Appearances can be deceiving: Archie Lewis says that many of his outdoor vehicles can still be driven.
Appearances can be deceiving: Archie Lewis says that many of his outdoor vehicles can still be driven.

Lewis Antique Auto and Toy Museum

Field review by the editors.

Moriarty, New Mexico

Sitting on the north side of Route 66 -- whose attractions usually evoke the look and era of the 1950s -- is the Lewis Antique Auto and Toy Museum, a reminder that people have been driving in New Mexico long before the days of tail fins and rock 'n' roll. Archie Lewis, born in 1936, is nearly as old as the Mother Road, and many of the cars in his collection are older than Archie.

Archie unwinds another story from his museum easy chair.
Archie unwinds another story from his museum easy chair.

Ancient and fragile-looking Ford Model Ts in every stage of survival can be found on the eight-acre property, from skeletal hulks out in the yard to painstakingly restored examples -- the jewels of Archie's collection -- inside the main building. Also inside is Archie's toy collection, with over 6,000 miniature cars, trucks, and model trains displayed in a kind of joyful chaos.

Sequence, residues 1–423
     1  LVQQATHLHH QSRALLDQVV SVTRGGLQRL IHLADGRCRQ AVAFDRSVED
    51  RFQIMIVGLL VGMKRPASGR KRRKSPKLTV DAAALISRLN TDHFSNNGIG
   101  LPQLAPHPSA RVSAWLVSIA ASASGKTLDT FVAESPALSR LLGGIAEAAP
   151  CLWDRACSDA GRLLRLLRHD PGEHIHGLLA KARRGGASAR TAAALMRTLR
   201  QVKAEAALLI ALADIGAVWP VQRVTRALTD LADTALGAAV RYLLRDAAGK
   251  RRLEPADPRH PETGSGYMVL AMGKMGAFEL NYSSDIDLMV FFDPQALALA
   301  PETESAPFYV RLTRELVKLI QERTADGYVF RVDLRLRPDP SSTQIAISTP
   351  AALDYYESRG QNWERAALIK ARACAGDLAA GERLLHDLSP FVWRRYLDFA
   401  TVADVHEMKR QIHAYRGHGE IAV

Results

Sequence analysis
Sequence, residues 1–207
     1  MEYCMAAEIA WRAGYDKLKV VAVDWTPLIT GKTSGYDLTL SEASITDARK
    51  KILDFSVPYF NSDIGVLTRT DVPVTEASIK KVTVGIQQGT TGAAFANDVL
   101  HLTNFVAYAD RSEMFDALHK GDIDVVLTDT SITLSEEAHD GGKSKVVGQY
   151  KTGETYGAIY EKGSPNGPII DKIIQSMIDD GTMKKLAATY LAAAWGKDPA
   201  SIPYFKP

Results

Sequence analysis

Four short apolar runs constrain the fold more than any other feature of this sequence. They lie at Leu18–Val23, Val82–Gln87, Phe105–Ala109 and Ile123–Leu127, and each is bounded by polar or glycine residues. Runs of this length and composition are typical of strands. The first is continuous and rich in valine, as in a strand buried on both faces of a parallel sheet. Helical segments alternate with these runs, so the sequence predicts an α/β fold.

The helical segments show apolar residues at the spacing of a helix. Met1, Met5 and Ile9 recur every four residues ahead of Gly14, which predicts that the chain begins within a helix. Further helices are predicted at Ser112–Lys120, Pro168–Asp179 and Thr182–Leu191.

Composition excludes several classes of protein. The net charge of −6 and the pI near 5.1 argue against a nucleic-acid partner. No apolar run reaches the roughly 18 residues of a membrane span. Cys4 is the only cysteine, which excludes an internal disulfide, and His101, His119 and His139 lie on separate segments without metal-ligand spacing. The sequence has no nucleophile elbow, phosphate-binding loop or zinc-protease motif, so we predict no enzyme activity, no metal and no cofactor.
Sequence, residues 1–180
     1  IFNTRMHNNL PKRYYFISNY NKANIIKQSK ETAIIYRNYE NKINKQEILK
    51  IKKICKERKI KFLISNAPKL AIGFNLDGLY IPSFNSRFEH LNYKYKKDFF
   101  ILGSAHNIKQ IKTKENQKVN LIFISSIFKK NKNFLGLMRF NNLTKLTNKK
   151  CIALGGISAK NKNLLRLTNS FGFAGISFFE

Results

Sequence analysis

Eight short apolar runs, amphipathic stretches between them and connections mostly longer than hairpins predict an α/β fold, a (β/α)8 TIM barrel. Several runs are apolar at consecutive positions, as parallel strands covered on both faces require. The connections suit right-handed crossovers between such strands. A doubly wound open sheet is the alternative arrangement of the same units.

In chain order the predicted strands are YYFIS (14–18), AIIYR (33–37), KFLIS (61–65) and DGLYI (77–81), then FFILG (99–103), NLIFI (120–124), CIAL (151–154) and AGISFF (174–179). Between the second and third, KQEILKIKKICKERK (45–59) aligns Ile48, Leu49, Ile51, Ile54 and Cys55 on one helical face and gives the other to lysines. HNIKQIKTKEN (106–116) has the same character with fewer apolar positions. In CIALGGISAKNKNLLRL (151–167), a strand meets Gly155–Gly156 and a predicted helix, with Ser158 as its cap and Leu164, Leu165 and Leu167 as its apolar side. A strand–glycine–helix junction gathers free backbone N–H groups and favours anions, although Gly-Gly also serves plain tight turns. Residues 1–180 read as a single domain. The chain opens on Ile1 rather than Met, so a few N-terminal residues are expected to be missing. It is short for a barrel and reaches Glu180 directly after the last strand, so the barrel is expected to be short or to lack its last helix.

Archie keeps himself indoors, too, sheltered from the southwestern sun, in a comfy chair angled just slightly to the door. He told us that he sits there every day from 10 to 4, and is always happy to speak with visitors.

Route 66 license plate map. Most visitors already know that the Mother Road runs right past the museum.
Route 66 license plate map. Most visitors already know that the Mother Road runs right past the museum.

Archie grew up about an hour southeast of his museum, in Vaughn, on the road to Roswell. "My dad had a garage and I was raised in it," said Archie. A 1926 Model T roadster, still out in the museum yard, was his first car. "I bought it 40 miles from home, drove it home," said Archie. At the time, he was nine years old.

The museum's toy collection is organized casually.
The museum's toy collection is organized haphazardly.

Archie's story of this first car leads to one of his diversionary tales, and it quickly becomes evident that the main attraction at this museum is not the cars, but Archie. He has seen things.

"I was down there when they were putting the bomb in the tower," said Archie, referring to the first atomic bomb that was exploded on a tower in nearby White Sands in 1945. Robert Oppenheimer, the bomb's chief scientist, had ordered some truck parts from the Lewis garage, and Archie's mom had to drive the parts to the secret bomb site (Archie tagged along, and it was on this trip that he spotted the Model T that he would later buy). "Oppenheimer told us how to get in, and then they wouldn't let us leave," said Archie. The Lewis's had to live in a tent for several weeks while the top secret bomb was assembled, and were freed just before it exploded. At one point Oppenheimer shook Archie's hand, apparently grateful for the truck parts that somehow helped make possible the Atomic Age.

Restored Model Ts and other vintage vehicles are kept indoors.
Restored Model Ts and other vintage vehicles are kept indoors.